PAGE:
through Q1 2009, Google's share of the search market has consistently
grown while its next two biggest competitors have shrunk.
Figure 8.3 Search Market Share, Year-End 2008
Figure 8.4 Change in Market Share, 2007–2008
Wall Street has rewarded this success. The firm's market capitalization (market cap),
the value of the firm calculated by multiplying its share price by the
number of shares, makes Google the most valuable media company on the
planet. By early 2009, Google's market cap was greater than that of News
Corp (which includes Fox, MySpace, and the Wall Street Journal), Disney (including ABC, ESPN, theme parks, and Pixar), Time Warner (Fortune, Time, Sports Illustrated, CNN, and Warner Bros.), Viacom (MTV, VH1, and Nickelodeon), CBS, and the New York Times – combined!
Not bad for a business started by two twenty-something computer science
graduate students. By 2007 that duo, Sergey Brin and Larry Page, were
billionaires, tying for fifth on the Forbes 400 list of wealthiest Americans.
Genius Geeks and Plum Perks
Brin and Page have built a talent magnet. At the Googleplex, the firm's Mountain View, California headquarters, geeks are lavished with perks that include on-site laundry, massage, carwash, bicycle repair, free haircuts, state of the art gyms, and wi-fi equipped shuttles that ferry employees between Silicon Valley and the San Francisco Bay area. The Googleplex is also pretty green. The facility gets 30 percent of its energy from solar cells, representing the largest corporate installation of its kind.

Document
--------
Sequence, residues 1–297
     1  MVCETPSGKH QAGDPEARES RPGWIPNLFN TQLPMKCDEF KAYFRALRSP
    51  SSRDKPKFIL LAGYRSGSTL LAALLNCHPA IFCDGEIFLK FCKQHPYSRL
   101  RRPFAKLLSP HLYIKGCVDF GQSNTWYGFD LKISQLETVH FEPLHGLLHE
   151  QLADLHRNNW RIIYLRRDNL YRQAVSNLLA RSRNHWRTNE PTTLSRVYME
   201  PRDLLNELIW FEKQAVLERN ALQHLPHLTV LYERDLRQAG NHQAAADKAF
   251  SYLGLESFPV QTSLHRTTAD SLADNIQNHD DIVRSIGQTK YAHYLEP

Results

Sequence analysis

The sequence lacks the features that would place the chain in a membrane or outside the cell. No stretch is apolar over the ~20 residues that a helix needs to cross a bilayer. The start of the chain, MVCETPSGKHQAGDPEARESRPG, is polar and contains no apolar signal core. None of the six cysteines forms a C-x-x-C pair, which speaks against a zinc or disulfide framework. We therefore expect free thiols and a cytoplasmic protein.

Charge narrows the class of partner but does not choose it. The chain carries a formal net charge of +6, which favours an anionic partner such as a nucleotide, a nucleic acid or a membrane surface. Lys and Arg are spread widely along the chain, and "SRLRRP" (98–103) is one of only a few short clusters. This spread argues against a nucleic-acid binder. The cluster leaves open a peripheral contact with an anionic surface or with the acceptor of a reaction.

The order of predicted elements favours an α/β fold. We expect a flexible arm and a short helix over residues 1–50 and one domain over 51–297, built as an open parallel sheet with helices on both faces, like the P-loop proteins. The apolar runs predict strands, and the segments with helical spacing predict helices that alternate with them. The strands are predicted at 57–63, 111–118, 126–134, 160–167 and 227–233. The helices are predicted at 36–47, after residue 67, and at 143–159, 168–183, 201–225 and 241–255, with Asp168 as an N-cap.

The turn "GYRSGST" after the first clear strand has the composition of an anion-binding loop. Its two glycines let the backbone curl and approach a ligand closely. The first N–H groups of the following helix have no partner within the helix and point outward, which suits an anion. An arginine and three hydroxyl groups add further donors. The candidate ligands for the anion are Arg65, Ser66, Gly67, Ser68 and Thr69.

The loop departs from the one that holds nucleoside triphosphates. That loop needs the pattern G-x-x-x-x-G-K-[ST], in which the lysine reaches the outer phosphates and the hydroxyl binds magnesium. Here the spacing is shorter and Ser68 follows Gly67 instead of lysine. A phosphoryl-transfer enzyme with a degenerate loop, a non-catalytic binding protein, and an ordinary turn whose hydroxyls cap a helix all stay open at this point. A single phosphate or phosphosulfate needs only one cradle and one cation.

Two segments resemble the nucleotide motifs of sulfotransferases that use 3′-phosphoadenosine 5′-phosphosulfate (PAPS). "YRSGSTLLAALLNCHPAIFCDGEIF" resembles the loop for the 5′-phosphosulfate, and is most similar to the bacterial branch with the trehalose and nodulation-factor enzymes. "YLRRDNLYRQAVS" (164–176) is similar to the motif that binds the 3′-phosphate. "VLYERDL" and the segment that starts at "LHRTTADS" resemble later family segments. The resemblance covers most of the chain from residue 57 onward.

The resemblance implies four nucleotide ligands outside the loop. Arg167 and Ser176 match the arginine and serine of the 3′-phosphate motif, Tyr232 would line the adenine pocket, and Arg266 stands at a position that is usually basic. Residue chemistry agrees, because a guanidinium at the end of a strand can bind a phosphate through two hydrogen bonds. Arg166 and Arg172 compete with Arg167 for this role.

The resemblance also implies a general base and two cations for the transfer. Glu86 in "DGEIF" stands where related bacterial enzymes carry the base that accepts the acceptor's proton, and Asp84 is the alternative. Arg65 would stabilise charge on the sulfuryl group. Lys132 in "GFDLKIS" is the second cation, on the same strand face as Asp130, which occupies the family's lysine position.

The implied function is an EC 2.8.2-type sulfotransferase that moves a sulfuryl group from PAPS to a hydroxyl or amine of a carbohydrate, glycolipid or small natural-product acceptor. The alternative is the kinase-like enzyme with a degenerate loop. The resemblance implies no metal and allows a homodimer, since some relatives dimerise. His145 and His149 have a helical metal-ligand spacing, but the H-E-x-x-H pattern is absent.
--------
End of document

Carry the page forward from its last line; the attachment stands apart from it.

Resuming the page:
The firm's quirky tech-centric culture is evident everywhere. A T-Rex
skeleton looms near the volleyball court. Hanging from the lobby ceiling
is a replica of SpaceShipOne, the first commercial space vehicle. And
visitors to the bathroom will find "testing on the toilet," coding
problems or other brainteasers to keep gray matter humming while seated
on one of the firm's $800 remote-controlled Japanese commodes. Staff
also enjoy an A-list lecture series attracting luminaries ranging from
celebrities to heads of state.
And of course there's the food – all of it free. The firm's founders felt
that no employee should be more than 100 feet away from nourishment, and
a tour around Google offices will find espresso bars, snack nooks, and
fully stocked beverage refrigerators galore. There are eleven gourmet
cafeterias on site, the most famous being "Charlie's Place," first run
by the former executive chef for the Grateful Dead.
CEO Eric Schmidt says the goal of all this is "to strip away everything that gets in our employees' way".
And the perks, culture, and sense of mission have allowed the firm to